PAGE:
“I was in the middle of my shift when I felt pressure in my chest,” explained Wenzel. “I thought it might be gas or acid reflux,
so I took a gas tablet. The pain just kept getting worse. I went to the head nurse
and told her what was going on. She immediately walked me over to triage
and it wasn’t long before I was up in the heart catherization lab.”
“When she approached me with her symptoms, I told her she needed to have it checked out because they sounded like cardiac symptoms,” explained Angie Kramer, St. Luke’s ER nurse supervisor.
“She was quickly moved from triage to one of our ER rooms where we hooked her up to a heart monitor and started an IV. I asked her if she wanted me to contact anyone and she asked me to get ahold of her children.”
“Larae was having a heart attack and her blood pressure was high,” shared Subhi Halawa, MD, St. Luke’s Heart Care cardiologist. “She went straight to the cath lab where one of her vessels was blocked with a large clot and I placed a stent. Some of those clot pieces broke off and went to another vessel downstream and we cleaned it up as well.”
“I was able to get ahold of her son to let him know what was happening and that his mom was okay,” shared Kramer. “I explained what was going on and the plan for his mom. After talking with Larae it became clear her son needed a ride to St. Luke’s. I went and picked him up and we arrived back at the hospital just in time before her procedure."
“Going into the procedure I was scared,” said Wenzel. “I fully expected them to say I was having a heart attack because of the way I was feeling but I thought 'what would happen if I didn't survive? What happens to my kids?' The ER and heart teams all knew what they needed to do for me and they did it well.”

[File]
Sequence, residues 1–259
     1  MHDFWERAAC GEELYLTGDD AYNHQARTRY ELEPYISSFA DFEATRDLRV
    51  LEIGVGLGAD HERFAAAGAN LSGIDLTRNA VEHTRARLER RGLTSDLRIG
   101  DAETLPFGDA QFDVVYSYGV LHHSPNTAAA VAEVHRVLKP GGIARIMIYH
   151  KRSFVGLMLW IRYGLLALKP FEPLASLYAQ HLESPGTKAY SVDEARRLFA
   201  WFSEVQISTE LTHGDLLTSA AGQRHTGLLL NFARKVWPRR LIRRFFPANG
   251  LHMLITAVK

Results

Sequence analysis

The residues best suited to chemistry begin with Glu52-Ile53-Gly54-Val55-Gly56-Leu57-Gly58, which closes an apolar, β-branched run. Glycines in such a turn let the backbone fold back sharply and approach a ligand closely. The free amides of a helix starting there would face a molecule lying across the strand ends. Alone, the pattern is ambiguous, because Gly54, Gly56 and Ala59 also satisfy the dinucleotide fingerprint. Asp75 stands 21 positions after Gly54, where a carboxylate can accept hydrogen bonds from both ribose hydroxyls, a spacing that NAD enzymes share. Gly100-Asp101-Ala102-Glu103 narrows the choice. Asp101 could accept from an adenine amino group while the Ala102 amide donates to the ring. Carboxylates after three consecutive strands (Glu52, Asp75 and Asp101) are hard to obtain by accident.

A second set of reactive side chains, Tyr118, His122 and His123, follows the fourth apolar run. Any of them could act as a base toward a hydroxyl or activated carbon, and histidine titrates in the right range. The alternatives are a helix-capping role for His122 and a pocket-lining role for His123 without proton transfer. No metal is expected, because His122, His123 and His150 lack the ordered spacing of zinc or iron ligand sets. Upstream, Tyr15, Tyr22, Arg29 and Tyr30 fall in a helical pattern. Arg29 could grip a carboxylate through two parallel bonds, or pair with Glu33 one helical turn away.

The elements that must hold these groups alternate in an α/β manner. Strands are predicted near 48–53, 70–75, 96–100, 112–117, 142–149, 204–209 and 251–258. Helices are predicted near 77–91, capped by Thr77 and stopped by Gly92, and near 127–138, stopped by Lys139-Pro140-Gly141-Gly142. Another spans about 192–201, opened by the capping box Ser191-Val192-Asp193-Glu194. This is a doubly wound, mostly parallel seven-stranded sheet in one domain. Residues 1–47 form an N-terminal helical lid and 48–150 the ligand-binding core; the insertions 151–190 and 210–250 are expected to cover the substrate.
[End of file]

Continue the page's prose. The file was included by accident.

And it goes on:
Wenzel immediately noticed a difference after her heart procedure.
"I felt one hundred percent better,” shared Wenzel. “I was like a brand-new person. Looking back in the months leading up to my heart attack, I realize I was experiencing symptoms. I just chalked it up to not sleeping enough and stress. What I felt at work that day was different from what I had previously felt. That day, I felt really deep chest pressure and it went into my ears and jaw.”
“Women’s heart attack symptoms are not always the typical chest pain,” Dr. Halawa explained. “They may not experience that elephant sitting on their chest sensation many people report. Women may have back or jaw pain, shortness of breath, nausea, or lightheadedness. It’s important when they start to experience these symptoms, they need to get to the hospital right away.”
Wenzel is completing cardiac rehabilitation at St. Luke’s three days a week. She’s also returned to working part-time.
“The ER team is always asking me how I’m doing and making sure I am alright,” shared Wenzel. “I’m thankful this happened when I was working. I would have probably ignored it if I had been at home and I would probably would not have survived. I was at the right place, at the right time.”
If you are experiencing a heart attack, call 911 right away. The faster a heart attack is treated, the less the heart is damaged and the better patient outcome.
Learn the signs of a heart attack.
$99 Heart Scan
Heart disease can go undetected for years. St. Luke’s Heart Scan identifies calcified plaque in the coronary arteries and assesses heart’s health. There are no injections, treadmills or pre-test fasting. The heart scan is for men and women between the ages of 40 and 70. All that’s needed is a doctor’s referral.
Call (319)369-8909 for St. Luke’s $99 Heart Scan.